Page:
She is too often irritatingly referred to as a sort of “female Bob Dylan”, which still makes my hackles rise and keeps my gag reflex in good working order. Nothing against Bob, of course. But, the two artists are not to be compared, least of all while using the tag of “female” as a modifier, and ultimately as a way to reduce her significance on the basis of gender. I will say no more about it (maybe).
Hailing from the Canadian prairies, Mitchell took her art to the folk scenes of Calgary, Toronto, Detroit, New York, and eventually to La-La land and the Laurel Canyon scene starting in the 1960s and on through the 1970s. She started off with a girl-with-guitar hippie-chick image, where she has often stayed in the minds of the uninitiated. But, Mitchell’s work is expansive and fearless well beyond labels or eras, even from her earliest period. Lately, she’s made the headlines because of her ill-health, and also due to her rather cantankerous attitudes having to do with the music industry as well as toward her contemporaries.
But, it is her art that remains to be her strongest and most vital voice, sometimes with that cantankerous outlook built in, sometimes not. And as such, I hereby present ten tracks of Joni, ten musical beacons in a galaxy of bright points that measure her unique and far-reaching artistic journey. Some are hits, while others are simply examples of her fearlessness in an industry in which she thrived, and against which struggled in equal measure.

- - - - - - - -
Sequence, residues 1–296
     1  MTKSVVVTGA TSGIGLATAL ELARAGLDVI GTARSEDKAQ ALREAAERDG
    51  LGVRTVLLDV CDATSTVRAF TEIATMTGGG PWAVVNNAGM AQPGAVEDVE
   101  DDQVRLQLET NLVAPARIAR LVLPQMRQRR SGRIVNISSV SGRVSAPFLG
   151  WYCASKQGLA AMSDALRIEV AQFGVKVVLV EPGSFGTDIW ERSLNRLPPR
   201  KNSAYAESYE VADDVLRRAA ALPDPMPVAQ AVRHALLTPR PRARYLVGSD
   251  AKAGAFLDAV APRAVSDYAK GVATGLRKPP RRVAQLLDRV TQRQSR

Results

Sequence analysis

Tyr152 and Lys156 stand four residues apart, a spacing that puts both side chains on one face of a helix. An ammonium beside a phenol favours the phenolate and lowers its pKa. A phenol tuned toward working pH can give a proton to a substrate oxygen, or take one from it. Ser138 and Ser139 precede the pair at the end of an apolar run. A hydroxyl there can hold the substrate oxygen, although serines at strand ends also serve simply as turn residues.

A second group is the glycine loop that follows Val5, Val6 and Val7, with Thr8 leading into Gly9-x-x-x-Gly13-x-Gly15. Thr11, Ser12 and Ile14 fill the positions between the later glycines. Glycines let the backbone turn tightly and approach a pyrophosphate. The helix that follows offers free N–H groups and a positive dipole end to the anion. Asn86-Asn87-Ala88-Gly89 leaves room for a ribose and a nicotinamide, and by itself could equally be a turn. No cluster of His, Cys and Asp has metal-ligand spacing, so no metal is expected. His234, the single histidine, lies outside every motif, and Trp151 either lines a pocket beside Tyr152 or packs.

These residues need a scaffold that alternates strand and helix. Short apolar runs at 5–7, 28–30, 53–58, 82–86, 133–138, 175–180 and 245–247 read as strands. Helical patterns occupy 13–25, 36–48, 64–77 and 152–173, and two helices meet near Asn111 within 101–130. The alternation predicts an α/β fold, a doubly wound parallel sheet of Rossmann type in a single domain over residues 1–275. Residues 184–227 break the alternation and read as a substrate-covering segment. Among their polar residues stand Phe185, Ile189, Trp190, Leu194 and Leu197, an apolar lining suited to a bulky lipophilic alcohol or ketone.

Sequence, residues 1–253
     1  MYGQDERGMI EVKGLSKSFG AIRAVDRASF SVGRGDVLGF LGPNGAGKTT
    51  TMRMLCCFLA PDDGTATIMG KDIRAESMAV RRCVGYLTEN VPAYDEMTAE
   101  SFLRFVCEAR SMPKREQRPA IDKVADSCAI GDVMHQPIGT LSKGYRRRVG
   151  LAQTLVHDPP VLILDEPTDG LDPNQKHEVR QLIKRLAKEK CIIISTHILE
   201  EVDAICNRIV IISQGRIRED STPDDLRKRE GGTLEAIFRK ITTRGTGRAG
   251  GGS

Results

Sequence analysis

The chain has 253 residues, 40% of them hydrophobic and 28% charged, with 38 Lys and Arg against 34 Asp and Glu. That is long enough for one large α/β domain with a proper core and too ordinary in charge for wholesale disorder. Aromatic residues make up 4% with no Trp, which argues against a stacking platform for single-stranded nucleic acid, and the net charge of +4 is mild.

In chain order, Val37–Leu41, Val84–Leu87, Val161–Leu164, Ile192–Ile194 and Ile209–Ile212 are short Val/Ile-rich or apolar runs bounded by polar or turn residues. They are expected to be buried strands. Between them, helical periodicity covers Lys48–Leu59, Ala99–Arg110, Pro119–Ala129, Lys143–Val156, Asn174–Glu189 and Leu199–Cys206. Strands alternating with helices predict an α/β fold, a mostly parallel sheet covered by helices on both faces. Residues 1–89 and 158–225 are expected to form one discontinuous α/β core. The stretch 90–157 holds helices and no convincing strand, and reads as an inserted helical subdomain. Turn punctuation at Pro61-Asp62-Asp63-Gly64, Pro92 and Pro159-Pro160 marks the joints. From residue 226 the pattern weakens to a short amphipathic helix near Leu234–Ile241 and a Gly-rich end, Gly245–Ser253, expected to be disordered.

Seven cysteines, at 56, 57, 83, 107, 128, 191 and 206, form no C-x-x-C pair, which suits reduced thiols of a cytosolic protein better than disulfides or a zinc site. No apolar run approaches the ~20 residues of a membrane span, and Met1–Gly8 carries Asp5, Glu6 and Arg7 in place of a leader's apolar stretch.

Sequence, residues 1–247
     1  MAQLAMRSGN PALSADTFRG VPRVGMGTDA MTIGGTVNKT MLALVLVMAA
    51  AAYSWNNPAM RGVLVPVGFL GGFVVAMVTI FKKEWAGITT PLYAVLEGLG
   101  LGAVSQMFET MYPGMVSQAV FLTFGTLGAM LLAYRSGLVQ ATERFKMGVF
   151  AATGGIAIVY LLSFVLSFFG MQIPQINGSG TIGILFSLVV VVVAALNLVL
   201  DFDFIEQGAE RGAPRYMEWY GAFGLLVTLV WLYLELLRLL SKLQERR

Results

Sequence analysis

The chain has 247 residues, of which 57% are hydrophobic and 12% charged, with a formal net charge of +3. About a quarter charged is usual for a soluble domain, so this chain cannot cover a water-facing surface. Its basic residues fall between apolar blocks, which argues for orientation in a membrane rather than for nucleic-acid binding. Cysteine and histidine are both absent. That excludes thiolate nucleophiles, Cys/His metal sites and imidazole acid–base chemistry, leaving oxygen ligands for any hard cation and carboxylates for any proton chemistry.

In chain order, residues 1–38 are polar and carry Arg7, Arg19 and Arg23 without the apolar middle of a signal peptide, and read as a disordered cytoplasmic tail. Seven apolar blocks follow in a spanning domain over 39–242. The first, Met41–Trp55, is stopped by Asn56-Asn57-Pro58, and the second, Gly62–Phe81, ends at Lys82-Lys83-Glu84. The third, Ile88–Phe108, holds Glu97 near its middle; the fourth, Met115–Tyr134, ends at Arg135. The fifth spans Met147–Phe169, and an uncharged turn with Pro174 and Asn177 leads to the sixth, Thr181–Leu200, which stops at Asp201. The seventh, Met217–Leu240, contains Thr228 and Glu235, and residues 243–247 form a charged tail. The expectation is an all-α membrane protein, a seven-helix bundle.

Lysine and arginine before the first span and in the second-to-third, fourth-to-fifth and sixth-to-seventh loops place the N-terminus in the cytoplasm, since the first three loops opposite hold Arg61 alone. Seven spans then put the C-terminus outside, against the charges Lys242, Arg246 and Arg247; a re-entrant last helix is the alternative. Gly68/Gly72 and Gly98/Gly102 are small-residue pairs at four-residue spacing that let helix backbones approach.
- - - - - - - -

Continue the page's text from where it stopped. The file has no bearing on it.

Listen to this track by Jamaican soul singer, reggae innovator and sometime actor Jimmy Cliff. It’s “Many Rivers To Cross”, a song of hardship and burden in a true gospel style as featured prominently on 1972’s The Harder They Come soundtrack.
This record is perhaps one of the earliest that served as a collection of songs featured in a movie that also turned out to be an essential addition to any respectable record collection while it was at it. It also had the distinction of having the star of the movie as one of the contributors to it; Jimmy Cliff himself. Continue reading →
Listen to this track by Ottawa-born former folk-psych guitarist turned mystical folkie singer-songwriter Bruce Cockburn. It’s “Let Us Go Laughing”, the centerpiece to his 1971 album High Winds, White Sky, his second.
This song is a culmination of where Cockburn had come by this time in his career. Behind him were his days at Berklee College of Music in Boston where he studied jazz improvisation and composition in the mid-sixties. Also behind him was his journeyman period as a guitar player and keyboardist in folk rock and psych bands, some of which appeared as opening acts for The Lovin’ Spoonful, Cream, and The Jimi Hendrix Experience by the end of that decade.
But something else had risen to the surface by the time this song was written; a feel for lyrics that reflected his rich inner life and his gravitation toward the spiritual.
Listen to this track by LA-based concern with a penchant for vivid narratives Eels, led by head songwriter E (neé Mark Oliver Everett). It’s “Susan’s House”, the second single off of the band’s debut record Beautiful Freak in 1996.
This song, and its fellow single “Novocaine For The Soul” made a splash particularly in Britain where both of singles gained top ten chart showings. The success of this song surpassed that first single in the UK, quoting a piano figure from Gladys Knight & The Pips’ “Love Finds It’s Own Way“, and generally being a langourous and restful-sounding record, released in May of 1997 just as summer approached.